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Isles windfarm would be illegal, warns RSPB 

The Uk Government could face a multimillion-pound fine if Scottish ministers allow plans for a massive windfarm on the Western Isles to go ahead, the Royal Society for the Protection of Birds warned yesterday.

It believes the Lewis Wind Power application for 181 turbines was made without a proper environmental impact assessment.

That, it says, would contravene the European Habitats Directive.

Western Isles councillors voted 18-8 in favour of the £512million windfarm development on Thursday.

But local RSPB spokesman Martin Scott said: “From what we have seen in the council’s report, they haven’t even considered any of the European law or European designations. The whole process that the council seems to have followed does appear to be flawed.

“I’d like to think that the Scottish Executive would pick up on it. I suspect that the European Union aren’t going to be particularly pleased that somebody has just tried to consent a large-scale industrial development on prime wildlife sites in breach of the Habitats Directive. We’ve always said it would likely end up in Brussels. It’s heading there at a rapid pace now.”

The plan now has to be considered by the Scottish Executive.

Enterprise Minister Nicol Stephen said yesterday: “I can’t comment on the detail of the application but I can guarantee that all of these issues will be very thoroughly assessed.

“There are important competing interests to weigh up and consider, and that’s the appropriate way to proceed with a major application of this kind.

“It’s important on a significant issue like this that the advice from officials is carefully evaluated and that the decision that is announced by ministers is agreed.”

He added that a public local inquiry into the 460ft turbines proposed for the Stornoway Trust, Barvas and Galson estates was possible “to assess all aspects of the application in an open and independent way”.

LWP is an Amec/British Energy joint venture. It says the 651-megawatt windfarm would create 426 construction jobs and contribute £1.85million a year to four local trust funds.

The vice-convener of Western Isles Council, Angus Graham, conceded there would be a “visual impact” but said there was a balance to be achieved. People wanted work and job opportunities to entice youngsters to return home.

“For years we have known about depopulation but could do nothing about it,” he said. “Now we have the opportunity.

“You cannot have a language and culture without people.”

LWP director David Hodkinson said: “The RSPB is well versed in the application of European law to major infrastructure developments, including the Thames estuary offshore project, which they welcomed a few months ago as the UK’s first major windfarm to have been consented in a European special protection area.

“They are also advising on the Viking windfarm development in Shetland, which, we suggest, they know will need to be considered as a special protection area before the windfarm can be consented because of its significant bird interests.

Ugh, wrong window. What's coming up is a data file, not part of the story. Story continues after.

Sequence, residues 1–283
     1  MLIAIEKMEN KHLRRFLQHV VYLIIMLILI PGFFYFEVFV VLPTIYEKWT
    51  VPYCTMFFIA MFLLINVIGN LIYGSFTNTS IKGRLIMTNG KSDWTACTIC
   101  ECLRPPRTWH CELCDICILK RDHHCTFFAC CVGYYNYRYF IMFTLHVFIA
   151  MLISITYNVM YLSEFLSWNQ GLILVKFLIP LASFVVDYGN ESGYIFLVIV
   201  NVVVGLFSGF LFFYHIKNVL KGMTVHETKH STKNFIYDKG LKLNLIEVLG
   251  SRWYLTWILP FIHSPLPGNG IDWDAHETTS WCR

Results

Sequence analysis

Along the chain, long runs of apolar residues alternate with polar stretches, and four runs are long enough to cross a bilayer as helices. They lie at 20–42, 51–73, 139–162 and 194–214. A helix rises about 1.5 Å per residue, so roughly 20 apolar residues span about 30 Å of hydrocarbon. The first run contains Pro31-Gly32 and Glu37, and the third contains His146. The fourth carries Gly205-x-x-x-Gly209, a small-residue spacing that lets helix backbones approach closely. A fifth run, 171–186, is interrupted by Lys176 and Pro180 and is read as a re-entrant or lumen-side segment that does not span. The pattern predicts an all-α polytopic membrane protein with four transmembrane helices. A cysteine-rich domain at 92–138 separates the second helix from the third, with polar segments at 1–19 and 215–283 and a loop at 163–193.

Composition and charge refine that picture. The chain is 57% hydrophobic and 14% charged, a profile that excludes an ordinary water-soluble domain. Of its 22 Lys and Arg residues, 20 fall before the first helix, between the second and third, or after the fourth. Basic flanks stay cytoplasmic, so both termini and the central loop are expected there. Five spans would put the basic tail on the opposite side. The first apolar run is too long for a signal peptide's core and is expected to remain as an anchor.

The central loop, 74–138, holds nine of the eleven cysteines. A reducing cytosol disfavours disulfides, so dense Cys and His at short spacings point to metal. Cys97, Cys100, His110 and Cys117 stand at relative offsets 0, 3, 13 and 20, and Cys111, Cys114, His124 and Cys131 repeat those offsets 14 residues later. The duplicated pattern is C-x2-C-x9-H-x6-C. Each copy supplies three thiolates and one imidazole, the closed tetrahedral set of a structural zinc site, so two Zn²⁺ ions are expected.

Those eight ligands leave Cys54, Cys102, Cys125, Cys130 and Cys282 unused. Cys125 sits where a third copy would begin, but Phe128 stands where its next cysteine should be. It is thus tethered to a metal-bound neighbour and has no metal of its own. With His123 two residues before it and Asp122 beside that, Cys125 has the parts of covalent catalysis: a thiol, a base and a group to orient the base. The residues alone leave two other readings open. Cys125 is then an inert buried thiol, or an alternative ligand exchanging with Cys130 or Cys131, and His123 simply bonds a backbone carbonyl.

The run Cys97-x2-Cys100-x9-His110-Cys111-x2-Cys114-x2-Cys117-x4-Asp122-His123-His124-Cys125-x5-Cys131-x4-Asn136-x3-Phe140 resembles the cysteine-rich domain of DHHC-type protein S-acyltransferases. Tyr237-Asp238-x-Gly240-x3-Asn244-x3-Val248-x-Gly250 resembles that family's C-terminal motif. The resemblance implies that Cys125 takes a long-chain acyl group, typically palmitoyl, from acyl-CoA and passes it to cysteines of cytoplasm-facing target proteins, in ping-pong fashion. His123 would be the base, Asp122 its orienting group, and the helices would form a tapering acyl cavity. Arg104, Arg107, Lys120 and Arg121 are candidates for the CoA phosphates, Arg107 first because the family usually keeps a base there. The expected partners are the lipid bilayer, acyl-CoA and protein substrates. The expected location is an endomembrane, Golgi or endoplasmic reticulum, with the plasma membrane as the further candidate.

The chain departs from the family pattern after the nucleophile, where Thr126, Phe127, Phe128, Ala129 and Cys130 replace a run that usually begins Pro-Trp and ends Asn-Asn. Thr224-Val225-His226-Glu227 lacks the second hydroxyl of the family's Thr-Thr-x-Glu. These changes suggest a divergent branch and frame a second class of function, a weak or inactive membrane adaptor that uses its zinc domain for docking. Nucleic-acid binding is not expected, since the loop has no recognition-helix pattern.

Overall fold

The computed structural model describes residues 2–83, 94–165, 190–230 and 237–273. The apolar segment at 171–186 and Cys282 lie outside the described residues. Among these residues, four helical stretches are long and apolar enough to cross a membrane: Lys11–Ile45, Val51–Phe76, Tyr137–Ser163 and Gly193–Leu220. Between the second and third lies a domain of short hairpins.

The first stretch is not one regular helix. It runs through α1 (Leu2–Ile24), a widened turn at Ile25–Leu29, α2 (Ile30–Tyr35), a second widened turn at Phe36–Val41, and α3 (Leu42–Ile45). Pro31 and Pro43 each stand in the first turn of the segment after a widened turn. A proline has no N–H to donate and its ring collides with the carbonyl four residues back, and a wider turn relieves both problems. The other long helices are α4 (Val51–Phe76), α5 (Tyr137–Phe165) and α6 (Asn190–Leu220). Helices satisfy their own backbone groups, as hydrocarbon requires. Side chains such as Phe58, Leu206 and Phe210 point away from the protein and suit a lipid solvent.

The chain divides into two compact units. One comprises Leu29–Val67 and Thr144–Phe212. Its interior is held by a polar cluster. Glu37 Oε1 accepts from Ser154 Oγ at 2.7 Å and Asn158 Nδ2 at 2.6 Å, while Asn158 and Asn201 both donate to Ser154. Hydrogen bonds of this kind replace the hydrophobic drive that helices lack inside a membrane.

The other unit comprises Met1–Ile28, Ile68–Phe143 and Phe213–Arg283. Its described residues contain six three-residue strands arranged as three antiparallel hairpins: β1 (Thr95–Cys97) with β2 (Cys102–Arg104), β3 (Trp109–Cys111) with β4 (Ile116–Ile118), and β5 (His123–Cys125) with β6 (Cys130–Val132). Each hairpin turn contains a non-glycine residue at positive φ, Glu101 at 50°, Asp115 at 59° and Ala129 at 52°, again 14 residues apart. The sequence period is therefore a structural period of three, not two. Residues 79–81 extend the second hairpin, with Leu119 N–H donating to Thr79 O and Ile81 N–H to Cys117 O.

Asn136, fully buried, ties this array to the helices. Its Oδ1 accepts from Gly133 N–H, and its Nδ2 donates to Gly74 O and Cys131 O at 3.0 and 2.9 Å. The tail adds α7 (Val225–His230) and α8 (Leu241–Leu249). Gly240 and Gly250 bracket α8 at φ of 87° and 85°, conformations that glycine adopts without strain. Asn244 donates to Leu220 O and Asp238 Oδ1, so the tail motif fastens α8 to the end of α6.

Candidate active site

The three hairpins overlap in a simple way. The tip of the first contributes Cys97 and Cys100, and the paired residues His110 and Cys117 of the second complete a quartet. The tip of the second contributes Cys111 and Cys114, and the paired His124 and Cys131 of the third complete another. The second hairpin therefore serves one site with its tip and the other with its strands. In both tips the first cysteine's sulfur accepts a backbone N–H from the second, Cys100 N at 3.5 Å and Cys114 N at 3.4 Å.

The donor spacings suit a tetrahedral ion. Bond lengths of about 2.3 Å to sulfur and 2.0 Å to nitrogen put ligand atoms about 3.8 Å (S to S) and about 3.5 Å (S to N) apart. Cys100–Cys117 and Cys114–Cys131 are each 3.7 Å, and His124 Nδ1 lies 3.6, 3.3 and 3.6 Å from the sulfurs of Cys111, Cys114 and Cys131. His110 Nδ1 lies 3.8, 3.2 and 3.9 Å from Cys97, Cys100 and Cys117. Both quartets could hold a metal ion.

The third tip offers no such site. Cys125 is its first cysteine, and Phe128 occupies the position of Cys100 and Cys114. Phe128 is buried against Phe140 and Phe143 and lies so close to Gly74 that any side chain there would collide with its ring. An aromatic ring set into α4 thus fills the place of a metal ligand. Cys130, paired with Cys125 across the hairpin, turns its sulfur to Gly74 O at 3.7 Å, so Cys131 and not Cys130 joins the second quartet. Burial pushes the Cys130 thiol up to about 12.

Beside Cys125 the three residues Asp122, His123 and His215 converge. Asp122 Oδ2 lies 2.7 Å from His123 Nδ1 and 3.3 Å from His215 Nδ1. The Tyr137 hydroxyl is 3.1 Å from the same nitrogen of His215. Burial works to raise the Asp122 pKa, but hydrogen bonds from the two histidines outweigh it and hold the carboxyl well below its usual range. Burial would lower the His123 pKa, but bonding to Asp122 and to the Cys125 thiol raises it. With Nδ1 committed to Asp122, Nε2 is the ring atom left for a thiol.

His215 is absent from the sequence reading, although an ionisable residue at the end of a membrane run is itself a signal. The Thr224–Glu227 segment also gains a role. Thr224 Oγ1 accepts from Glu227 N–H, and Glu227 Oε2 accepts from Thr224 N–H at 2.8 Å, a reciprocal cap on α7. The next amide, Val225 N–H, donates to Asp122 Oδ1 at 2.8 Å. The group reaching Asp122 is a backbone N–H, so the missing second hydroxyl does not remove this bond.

“So we suggest they know that the Lewis windfarm could only go ahead in compliance with European law. It simply would not be consented otherwise.

“To suggest anything different would appear to be yet another example of the RSPB relying on the selective use of the facts to challenge our development. In our opinion, this is a clear sign that the RSPB’s campaign against the Lewis windfarm has run out of scientific arguments.”

Catriona Campbell, chairwoman of Moorlands Without Turbines – the group that has led the objections – said: “I was very disappointed at the quality of argument of the councillors who were in support. They didn’t seem all that knowledgeable.

“None of them put forward any evidence that the council having all these millions of pounds would actually help fill the schools.”

Another objector, Justin Busbridge, highlighted what he saw as a lack of democracy after a succession of opinion polls rejected the project. “All of them have come out, at best, with a 50-50 divide,” he said. “But the majority – thousands and thousands of people – are opposed to this, particularly where the turbines would be sited.”

By Iain Ramage


17 February 2007

This article is the work of the source indicated. Any opinions expressed in it are not necessarily those of National Wind Watch.

The copyright of this article resides with the author or publisher indicated. As part of its noncommercial educational effort to present the environmental, social, scientific, and economic issues of large-scale wind power development to a global audience seeking such information, National Wind Watch endeavors to observe “fair use” as provided for in section 107 of U.S. Copyright Law and similar “fair dealing” provisions of the copyright laws of other nations. Send requests to excerpt, general inquiries, and comments via e-mail.

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